ARLINGTON, Texas — Blake Snell was pitching the game of his life, having shut out the Los Angeles Dodgers into the sixth inning of Game 6 of the World Series on Tuesday night.
The lefthander had struck out nine without a walk and allowed two hits over only 73 pitches.
But when Mookie Betts walked to the plate, Rays manager Kevin Cash popped out of the dugout. Snell looked up and cursed because he knew what was coming.
The Rays have a plan and there is little room for instinct or improvisation on those pages. Their research says Snell shouldn’t face a batter a third time around, that there’s less risk to go to the bullpen.
The Dodgers also rely heavily on analytics to guide their choices. But as their manager, Dave Roberts, said a day earlier, sometimes you just have to let the game play out.
The Dodgers, thrilled to see Snell out of the game, scored two quick runs and went on to 3-1 victory, claiming their first championship since 1988.
Fittingly, it was Betts who scored the go-ahead run. The player the Dodgers obtained from the Red Sox in February to put their team over the top after World Series losses in 2017 and ’18, fulfilled that mission.
With a runner on first, Betts lined the third pitch he saw from reliever Nick Anderson into left field for a double. Anderson then unleashed a wild pitch that allowed Austin Barnes to score and pushed Betts to third.
When World Series Most Valuable Player Corey Seager grounded to first, Betts beat the throw to the plate as he always seems to and gave the Dodgers the lead.
“Mookie looked at me with a little smile. We were pretty happy to have Snell out of the game," Roberts said.
Betts added a solo home run in the eighth inning. He was 21 of 71 (.296) in the postseason with nine extra-base hits, eight RBIs, 15 runs scored, six stolen bases, and a series of game-saving catches in right field.
Betts flung his cap in joy as the game ended and raced to join his teammates.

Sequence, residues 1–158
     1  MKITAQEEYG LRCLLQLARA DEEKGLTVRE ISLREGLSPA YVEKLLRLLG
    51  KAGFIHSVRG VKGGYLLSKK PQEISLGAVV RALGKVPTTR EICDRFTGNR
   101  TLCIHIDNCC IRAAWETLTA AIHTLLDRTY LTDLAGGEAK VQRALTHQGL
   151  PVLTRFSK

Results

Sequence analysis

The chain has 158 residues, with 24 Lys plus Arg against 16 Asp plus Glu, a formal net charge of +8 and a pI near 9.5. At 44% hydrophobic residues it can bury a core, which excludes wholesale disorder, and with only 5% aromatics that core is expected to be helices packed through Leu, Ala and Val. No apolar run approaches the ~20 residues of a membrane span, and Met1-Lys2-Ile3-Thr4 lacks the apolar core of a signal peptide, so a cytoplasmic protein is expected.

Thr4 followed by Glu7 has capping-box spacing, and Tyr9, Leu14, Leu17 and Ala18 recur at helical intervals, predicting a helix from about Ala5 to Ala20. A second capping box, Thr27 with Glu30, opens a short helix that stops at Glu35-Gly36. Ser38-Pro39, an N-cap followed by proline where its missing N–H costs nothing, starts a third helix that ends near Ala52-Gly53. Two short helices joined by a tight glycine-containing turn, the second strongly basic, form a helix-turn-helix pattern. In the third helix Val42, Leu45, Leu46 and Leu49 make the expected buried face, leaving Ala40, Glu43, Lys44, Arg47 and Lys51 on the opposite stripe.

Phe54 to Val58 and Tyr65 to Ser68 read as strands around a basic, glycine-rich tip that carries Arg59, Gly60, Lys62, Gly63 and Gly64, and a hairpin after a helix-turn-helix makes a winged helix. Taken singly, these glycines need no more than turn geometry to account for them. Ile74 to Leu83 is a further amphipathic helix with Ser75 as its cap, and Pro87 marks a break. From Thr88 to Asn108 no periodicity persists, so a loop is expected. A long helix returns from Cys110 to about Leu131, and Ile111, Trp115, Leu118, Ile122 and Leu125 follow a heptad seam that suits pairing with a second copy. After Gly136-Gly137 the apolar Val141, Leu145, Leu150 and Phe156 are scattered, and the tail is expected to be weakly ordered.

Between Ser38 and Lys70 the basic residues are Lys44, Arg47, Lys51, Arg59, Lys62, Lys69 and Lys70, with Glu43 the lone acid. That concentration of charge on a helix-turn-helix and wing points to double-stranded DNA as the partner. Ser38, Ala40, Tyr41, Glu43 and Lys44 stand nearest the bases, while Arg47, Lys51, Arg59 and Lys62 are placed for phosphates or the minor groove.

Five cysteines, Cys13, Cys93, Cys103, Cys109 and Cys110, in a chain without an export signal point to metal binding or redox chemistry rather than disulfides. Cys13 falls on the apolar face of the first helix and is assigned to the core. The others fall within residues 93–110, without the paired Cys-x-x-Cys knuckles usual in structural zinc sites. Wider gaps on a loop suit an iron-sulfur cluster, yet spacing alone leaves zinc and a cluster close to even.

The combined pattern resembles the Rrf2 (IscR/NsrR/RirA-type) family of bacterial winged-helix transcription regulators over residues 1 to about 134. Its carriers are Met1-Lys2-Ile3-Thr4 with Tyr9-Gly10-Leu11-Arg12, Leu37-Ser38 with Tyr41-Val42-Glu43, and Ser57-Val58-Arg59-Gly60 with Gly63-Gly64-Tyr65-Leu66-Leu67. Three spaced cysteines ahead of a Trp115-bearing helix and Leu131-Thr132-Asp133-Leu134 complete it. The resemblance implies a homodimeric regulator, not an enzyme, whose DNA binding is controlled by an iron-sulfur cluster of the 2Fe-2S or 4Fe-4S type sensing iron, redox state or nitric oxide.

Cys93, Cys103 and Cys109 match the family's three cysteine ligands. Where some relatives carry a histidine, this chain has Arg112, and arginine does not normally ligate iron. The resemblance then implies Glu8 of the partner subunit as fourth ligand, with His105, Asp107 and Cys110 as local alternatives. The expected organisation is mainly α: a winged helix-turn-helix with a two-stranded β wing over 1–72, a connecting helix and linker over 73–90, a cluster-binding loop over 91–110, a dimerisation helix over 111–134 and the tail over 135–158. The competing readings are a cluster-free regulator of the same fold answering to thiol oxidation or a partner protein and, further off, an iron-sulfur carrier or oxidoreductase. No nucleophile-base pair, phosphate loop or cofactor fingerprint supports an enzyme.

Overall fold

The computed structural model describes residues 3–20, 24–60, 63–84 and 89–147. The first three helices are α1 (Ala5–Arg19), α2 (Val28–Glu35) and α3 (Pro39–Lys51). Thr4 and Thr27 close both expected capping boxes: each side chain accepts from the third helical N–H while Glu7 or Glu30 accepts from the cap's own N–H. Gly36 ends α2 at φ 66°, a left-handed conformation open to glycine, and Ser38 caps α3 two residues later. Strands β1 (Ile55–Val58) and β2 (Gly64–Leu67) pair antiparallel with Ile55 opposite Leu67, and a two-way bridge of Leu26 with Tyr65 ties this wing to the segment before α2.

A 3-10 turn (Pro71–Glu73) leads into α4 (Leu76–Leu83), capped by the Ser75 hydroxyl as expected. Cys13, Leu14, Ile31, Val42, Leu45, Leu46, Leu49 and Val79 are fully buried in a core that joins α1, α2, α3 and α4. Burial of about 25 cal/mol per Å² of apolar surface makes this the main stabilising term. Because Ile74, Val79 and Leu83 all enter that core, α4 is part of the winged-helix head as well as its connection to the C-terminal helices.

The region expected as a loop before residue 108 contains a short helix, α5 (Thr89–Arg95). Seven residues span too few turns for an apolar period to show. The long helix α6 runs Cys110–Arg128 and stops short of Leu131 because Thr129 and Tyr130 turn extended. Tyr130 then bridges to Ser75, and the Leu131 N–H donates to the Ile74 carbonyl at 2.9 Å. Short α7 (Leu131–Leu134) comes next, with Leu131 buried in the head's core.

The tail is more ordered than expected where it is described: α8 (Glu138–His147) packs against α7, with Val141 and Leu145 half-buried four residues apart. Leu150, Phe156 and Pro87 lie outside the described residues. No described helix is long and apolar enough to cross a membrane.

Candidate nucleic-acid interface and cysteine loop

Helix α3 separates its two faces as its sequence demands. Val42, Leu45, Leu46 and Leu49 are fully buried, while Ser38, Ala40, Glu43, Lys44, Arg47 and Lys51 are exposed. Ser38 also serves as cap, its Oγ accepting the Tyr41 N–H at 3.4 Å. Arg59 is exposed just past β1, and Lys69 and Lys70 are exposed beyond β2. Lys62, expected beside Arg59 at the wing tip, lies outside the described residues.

“This time I knew what to expect but my goals, my motives were a little different,” he said. “I was traded for for this reason. I’m proud of myself; proud of the guys for accomplishing it.”
The Rays could atone for their strategic mistake as soon as next season. That the Red Sox traded a transcendent player like Betts will haunt them for years to come.
Betts also delivered a championship for Roberts, a manager no longer haunted by previous October setbacks. They quickly found each other after the game and hugged.
“I just knew we weren’t going to be denied this year,” Roberts said.
It also was a night of validation for Clayton Kershaw, an ace who was missing only a championship on his Hall of Fame resume.
The Dodgers breaking through is what will ultimately be remembered. But Cash’s decision will resonate within the game.
Anderson had pitched nine times previously in the postseason and allowed runs in seven of those games. He also gave up two runs on four hits in two prior appearances against the Dodgers in the Series.
“The lineup the Dodgers feature is as potent as any team in the league,” Cash said. “I felt Blake had done his job and then some. Mookie up the third time through, I totally value that … it was not an easy decision.”
Analytics have transformed baseball, often for the better. Its emergence has helped even the field for low-budget teams, including the Rays, and created opportunities for undervalued players.
But it also has peeled away a layer of humanity, taking away the ability to make decisions in the heat of the moment. The drama that fuels sports gets distilled out in the name of risk aversion.
“I was really locked in,” Snell said. “I did everything I could to stay in that game.”
Cash said he respects differing opinions but did what he thought was right. He wanted to give the Dodgers a different look.
“I regret it because it didn’t work out,” Cash said. “But I thought the thought process was right.”
Once the Dodgers had the lead, they locked it down. In all, Roberts used seven pitchers to hold the Rays to five hits. They stuck out 16 with two walks.
Julio Urias retired the final seven Rays in order for the save. He had a brilliant postseason, pitching 23 innings over six games and allowing three earned runs.
Roberts hoped righthander Tony Gonsolin would be able to go five or six innings. He didn’t get through two.
Randy Arozarena lined a slider over the fence in right field to give the Rays a lead two batters into the game. Austin Meadows singled and Brandon Lowe drew a walk, which got the Dodgers bullpen going.
Gonsolin managed to leave those runners stranded. He put two more runners on in the second inning before Dylan Floro struck out Arozarena.
Arozarena was 29 of 77 with 10 home runs, 14 RBIs and 19 runs scored in the postseason. The 25-year-old Cuban did all he could to carry the Rays, but it was not enough against Betts and the Dodgers.
Peter Abraham can be reached at firstname.lastname@example.org. Follow him on Twitter @PeteAbe.